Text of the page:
We hand feed both our horses. Epona the draft we've been hand feeding for 2 yrs. She NEVER bites, not ever. Not in two years.

Our OTTB had a horrible biting problem when he came to us. We worked on our "no bite campaign" and continued to feed him treats. He is now about 95% bite free..... once in a while he will forget and nip us.....but NEVER EVEr WHEN WE HAND feed him. The nips usually come out of the blue, when we are doing something else and not paying attention.

Our no bite campaing is fairly simple. When he nips, we yell "NO" really lound and clap our hands loudly in his face. He really hates us clapping our hands in his face, and avoids what he knows causes us to do this....most of the time. We do not hit him as we feel that is just going to make him head shy....like he used to be. We worked hard on that and he is now not one bit head shy, and we don't want to undo all our work.

So...when he does something to make us uncomfortable, I.e. Biting....we do something to make him uncomfortable, I.e. Loud shouts and hand clapping.

I also hand feed and Mac never bites. But I think he's a bit pushy, and I would be wiser to not hand feed. (I am not wiser)

Like the loud clapping, if that reallly is aversive and you can do it realliy quickly and it's memorable enough.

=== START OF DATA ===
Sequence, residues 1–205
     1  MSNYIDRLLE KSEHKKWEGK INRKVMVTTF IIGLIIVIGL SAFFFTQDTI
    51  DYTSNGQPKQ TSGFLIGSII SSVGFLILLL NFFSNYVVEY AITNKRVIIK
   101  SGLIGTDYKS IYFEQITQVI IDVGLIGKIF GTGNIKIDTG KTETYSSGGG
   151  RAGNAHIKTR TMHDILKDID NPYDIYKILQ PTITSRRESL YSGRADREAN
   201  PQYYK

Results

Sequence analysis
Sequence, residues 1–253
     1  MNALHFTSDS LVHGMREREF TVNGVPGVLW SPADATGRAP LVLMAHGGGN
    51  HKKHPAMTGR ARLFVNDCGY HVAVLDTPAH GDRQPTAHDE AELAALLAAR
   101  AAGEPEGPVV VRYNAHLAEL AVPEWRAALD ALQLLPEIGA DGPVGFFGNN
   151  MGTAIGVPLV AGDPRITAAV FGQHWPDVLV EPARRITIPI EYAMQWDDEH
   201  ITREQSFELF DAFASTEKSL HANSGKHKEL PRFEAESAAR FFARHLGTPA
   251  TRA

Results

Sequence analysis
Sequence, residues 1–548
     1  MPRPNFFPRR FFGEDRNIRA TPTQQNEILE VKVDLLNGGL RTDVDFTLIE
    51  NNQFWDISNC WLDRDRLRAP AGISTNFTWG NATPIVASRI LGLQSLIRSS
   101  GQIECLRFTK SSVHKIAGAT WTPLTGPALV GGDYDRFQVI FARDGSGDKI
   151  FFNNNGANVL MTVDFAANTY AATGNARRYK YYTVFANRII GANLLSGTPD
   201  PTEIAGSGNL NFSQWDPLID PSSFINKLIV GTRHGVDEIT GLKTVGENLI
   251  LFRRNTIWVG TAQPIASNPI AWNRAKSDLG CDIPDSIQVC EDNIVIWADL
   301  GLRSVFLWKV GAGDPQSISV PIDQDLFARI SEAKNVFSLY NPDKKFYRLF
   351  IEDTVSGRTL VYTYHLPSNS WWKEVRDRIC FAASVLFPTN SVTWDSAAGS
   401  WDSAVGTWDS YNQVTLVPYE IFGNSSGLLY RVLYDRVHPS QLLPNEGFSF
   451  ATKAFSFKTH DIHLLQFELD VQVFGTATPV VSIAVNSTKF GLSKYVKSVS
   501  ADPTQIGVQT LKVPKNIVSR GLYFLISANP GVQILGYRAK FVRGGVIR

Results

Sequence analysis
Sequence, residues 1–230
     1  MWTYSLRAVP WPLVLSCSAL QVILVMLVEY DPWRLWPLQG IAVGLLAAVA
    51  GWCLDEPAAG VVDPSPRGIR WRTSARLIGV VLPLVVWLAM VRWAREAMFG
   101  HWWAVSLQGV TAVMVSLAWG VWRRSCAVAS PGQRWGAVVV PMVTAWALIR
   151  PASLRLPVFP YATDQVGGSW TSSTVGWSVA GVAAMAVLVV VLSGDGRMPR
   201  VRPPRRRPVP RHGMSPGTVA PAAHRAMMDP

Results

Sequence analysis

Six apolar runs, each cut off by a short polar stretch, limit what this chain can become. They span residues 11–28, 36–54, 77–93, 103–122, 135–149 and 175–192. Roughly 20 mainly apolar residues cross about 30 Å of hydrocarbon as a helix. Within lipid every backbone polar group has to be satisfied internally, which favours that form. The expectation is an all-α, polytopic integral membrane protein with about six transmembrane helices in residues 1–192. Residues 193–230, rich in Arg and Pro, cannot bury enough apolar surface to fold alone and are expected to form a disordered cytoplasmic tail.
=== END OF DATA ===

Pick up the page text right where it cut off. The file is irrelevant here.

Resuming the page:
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post #29 of 29 Old 08-02-2011, 10:06 PM
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When I am dealing with horses that bite (or very young horses that have not yet learned manners) I want them to feel like the discipline is directly related to the biting, that they directly caused it to happen. Try paying really close attention next time you are with your horse. When you see his head start to come towards you, flick out your elbow and pop him in the jaw. You want him to think that he is running into your elbow. If he does get a hold on your skin and actually bites you, INSTANTLY make him work HARD. Use the end of your lead rope to move his hindquarters, forequarters, back up, whatever you need to do to make him feel really uncomfortable. As has been stated, make it short and hard and unemotional. Then, go back to what you were doing. You want your horse to finish moving and think, "What do I need to do to make sure that doesn't happen again?" After a few times, he will make the connection between the bite and the work.